Some people experience soreness, exhaustion, or fever after receiving the COVID-19 vaccine, but these reactions are uncommon and typically moderate.
A limited percentage of persons who received the COVID-19 vaccine in February 2021 experienced a rare blood illness known as immune thrombocytopenia (ITP).
A Few Covid Vaccine Recipients Developed a Rare Blood Disorder
This sparked discussion on the possible connection between ITP and the Pfizer and Moderna COVID-19 vaccines, which was published in a commentary in the February 2021 issue of the American Journal of Hematology.
The researchers speculated that the vaccine could be to blame for ITP, but cautioned that additional information was needed to draw firm conclusions.
So, given the enthusiasm for COVID-19 vaccines and the gravity of ITP, how concerned should you be about contracting ITP after receiving a COVID-19 vaccine? What follows is essential information.
Thrombocytopenia Due to Immune Mechanisms: What Is It?
Medically, a low platelet count is referred to as thrombocytopenia. According to the NHLBI, thrombocytes (also known as platelets) are a type of blood cell that aids in the clotting of blood. Thrombocytopenia can be either acute or chronic, and its causes vary depending on the type.
As reported by the National Heart, Lung, and Blood Institute (NHLBI), people with immune thrombocytopenia (ITP) have abnormally low platelet counts because their immune systems are attacking and destroying their own platelets.
Leading expert James Bussel, MD, professor emeritus of paediatrics at Weill Cornell Medicine in New York City, and a pioneer in the field, explained the phenomenon as follows: “What happens is that, for an unknown reason, your immune system makes antibodies to platelets,” with the caveat that several possible explanations exist. Dr. Bussel noted that this phenomenon has also been observed with other vaccines.
Dr. Bussel noted that the normal range for platelet counts is between 150,000 and 450,000 per microliter of blood.
It is possible to have a platelet count that is far below normal and show no signs of illness. Dr. Bussel noted, however, that bruising and bleeding are typical when platelet counts drop low enough to cause symptoms.
Petechiae are tiny, reddish-purple patches that can occur on the skin. Heavy periods, nosebleeds, and oral bleeding are also possible.
Fortunately, Dr. Bussel noted that intravenous immunoglobulin and/or steroids are usually effective in treating this condition.
How did COVID-19 Vaccines Come to be Associated with Immune Thrombocytopenia?
It has been made clear by the US Food and Drug Administration (FDA) that anybody can use the federal government’s Vaccine Adverse Event Reporting System to report adverse events that occur after someone is vaccinated. This includes doctors, patients, their families, and state immunisation Programmes (VAERS.)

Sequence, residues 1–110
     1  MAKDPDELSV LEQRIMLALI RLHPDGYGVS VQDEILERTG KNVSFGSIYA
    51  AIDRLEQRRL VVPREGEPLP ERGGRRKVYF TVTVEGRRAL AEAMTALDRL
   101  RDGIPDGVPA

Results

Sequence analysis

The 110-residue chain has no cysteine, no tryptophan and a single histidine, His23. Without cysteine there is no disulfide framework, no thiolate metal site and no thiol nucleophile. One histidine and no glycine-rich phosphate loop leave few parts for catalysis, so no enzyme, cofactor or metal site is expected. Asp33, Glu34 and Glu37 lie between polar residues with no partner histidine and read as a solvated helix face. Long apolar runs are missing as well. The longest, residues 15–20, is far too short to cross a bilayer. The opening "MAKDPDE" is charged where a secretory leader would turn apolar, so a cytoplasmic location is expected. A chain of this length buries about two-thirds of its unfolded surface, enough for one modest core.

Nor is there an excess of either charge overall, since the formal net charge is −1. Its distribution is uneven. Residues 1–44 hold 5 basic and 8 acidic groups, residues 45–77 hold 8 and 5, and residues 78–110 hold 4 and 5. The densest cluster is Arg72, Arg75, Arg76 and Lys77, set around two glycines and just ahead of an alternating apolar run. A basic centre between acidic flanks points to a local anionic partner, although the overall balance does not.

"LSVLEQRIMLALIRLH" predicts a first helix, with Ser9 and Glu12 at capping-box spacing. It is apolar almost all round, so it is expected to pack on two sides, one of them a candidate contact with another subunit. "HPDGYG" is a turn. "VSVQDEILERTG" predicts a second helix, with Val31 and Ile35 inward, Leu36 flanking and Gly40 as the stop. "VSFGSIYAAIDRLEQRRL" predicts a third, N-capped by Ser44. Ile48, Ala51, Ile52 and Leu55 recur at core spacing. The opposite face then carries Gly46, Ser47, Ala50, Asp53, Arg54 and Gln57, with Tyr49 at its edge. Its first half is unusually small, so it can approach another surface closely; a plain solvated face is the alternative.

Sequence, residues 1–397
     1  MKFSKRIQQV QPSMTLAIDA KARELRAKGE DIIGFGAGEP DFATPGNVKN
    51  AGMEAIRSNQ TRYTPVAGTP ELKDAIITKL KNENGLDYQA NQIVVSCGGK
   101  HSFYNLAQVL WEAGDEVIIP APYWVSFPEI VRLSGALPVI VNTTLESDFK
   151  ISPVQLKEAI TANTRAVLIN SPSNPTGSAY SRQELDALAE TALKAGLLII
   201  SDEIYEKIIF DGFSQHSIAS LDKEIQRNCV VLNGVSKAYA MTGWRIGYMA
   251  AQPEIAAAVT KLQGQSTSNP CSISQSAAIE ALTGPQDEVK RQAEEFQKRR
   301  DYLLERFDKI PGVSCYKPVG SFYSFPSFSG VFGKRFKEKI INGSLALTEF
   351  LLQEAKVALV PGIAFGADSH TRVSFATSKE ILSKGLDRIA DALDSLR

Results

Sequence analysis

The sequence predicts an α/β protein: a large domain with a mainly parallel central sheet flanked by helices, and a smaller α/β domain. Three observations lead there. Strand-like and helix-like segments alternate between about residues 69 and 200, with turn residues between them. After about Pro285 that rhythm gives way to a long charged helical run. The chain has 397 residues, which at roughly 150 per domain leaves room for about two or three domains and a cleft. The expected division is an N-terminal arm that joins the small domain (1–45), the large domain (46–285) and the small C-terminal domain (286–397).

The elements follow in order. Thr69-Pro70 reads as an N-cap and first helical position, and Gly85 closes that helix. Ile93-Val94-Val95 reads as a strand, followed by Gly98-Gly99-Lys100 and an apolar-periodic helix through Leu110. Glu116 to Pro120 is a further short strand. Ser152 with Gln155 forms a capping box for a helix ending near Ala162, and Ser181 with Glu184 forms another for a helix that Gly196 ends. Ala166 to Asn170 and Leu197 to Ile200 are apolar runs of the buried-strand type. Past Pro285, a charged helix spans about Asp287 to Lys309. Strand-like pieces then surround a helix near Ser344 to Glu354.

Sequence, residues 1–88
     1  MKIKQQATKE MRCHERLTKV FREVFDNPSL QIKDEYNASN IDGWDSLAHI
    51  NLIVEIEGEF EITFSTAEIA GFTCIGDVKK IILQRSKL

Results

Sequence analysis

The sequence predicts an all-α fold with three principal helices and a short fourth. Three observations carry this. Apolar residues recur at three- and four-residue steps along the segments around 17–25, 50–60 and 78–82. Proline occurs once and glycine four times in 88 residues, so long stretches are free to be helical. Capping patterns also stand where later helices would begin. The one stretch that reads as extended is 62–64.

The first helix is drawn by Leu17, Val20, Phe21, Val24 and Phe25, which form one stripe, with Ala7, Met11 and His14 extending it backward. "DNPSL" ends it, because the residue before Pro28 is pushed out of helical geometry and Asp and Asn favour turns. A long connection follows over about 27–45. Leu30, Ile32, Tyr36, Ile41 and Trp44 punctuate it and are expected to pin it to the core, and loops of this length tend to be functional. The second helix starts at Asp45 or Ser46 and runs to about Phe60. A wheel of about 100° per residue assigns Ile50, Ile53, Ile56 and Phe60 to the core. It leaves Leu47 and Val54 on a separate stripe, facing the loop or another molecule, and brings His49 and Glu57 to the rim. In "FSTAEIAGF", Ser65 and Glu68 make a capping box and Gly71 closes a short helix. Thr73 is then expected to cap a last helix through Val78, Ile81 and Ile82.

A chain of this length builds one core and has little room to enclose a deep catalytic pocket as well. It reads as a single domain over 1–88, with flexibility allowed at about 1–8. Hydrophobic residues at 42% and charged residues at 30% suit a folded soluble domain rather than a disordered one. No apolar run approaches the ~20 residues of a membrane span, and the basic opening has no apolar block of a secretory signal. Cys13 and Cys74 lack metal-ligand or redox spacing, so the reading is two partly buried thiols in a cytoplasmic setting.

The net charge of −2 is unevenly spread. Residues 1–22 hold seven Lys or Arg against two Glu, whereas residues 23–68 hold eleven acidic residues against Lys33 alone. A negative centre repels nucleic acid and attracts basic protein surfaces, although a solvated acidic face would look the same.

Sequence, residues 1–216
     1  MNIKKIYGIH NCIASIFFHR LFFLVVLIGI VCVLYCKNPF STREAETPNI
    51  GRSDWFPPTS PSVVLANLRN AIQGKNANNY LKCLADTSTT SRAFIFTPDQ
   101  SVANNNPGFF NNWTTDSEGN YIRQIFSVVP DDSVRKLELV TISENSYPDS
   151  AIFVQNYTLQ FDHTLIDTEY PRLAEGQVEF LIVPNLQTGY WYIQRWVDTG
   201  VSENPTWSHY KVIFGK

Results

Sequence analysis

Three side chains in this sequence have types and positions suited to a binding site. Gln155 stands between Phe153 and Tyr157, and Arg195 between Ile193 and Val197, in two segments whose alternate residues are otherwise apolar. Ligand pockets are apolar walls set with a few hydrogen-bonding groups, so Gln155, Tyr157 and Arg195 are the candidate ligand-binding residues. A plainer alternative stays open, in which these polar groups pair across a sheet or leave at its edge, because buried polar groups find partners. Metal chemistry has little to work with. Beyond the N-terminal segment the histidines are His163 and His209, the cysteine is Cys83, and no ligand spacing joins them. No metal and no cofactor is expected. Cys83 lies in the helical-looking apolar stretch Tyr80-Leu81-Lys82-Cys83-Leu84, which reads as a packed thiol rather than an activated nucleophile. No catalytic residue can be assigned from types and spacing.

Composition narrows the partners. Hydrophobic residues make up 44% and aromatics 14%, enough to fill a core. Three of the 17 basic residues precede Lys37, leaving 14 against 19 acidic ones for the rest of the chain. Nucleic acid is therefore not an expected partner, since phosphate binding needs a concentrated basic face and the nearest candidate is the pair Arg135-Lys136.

Information submitted to the VAERS is reviewed by both the Food and Drug Administration and the Centers for Disease Control and Prevention. While vaccines are on the market, the FDA will use the reporting system as a “useful tool” to monitor patient safety. The VAERS had received 36 reports of ITP related to the Times article.
Only 19 of the submissions to VAERS were “obvious cases” of ITP, Dr. Bussel told Health in February 2021. These incidents occurred in both COVID-19 factories and did not appear to be related to either gender or age. The incidence of ITP following COVID-19 immunisation “appears either less than or roughly equivalent to what would be expected if cases were coincidental following vaccination,” Dr. Bussel and colleagues wrote in a commentary published in the American Journal of Hematology.
Assuring You That the COVID-19 Vaccine Is Safe to Use
Severe adverse effects were uncommon and happened at similar rates among trial participants receiving the vaccine or a placebo in clinical trials of the Moderna and Pfizer vaccines, which involved around 30,000 and 44,000 persons, respectively. Thrombocytopenia was not listed as a side effect in either of the two pharmaceutical companies’ study data that was published in the New England Journal of Medicine.
It’s possible that ITP didn’t arise among the 74,000 study participants, but it could surface sometimes when more individuals become vaccinated. Some people will have ITP even if millions are vaccinated, Dr. Bussel stated.
The probability of developing ITP or vaccine-induced thrombocytopenia “is less than 1 in 100,000,” according to the Platelet Disorder Support Association (PDSA), a non-profit patient support group. Pfizer and Moderna vaccines were also associated with a reduced chance of having ITP, according to the PDSA.
ITP has been reported in some people who have received the COVID-19 vaccinations, however more study is needed to learn more about this side effect. For instance, a March 2022 study published in Blood Advances indicated that lower platelet counts, younger age, and the current ITP treatment were all risk factors for developing ITP after receiving a COVID-19 immunisation.
Even so, the likelihood of contracting ITP appears to be significantly lower than the likelihood of contracting COVID-19. Dr. Bussel emphasised that this finding should not be used to discourage vaccination. Additionally, “they should talk to their doctor if they have any doubts.”
The PDSA further suggested that patients who have ITP speak with their haematologist or another physician before getting vaccinated.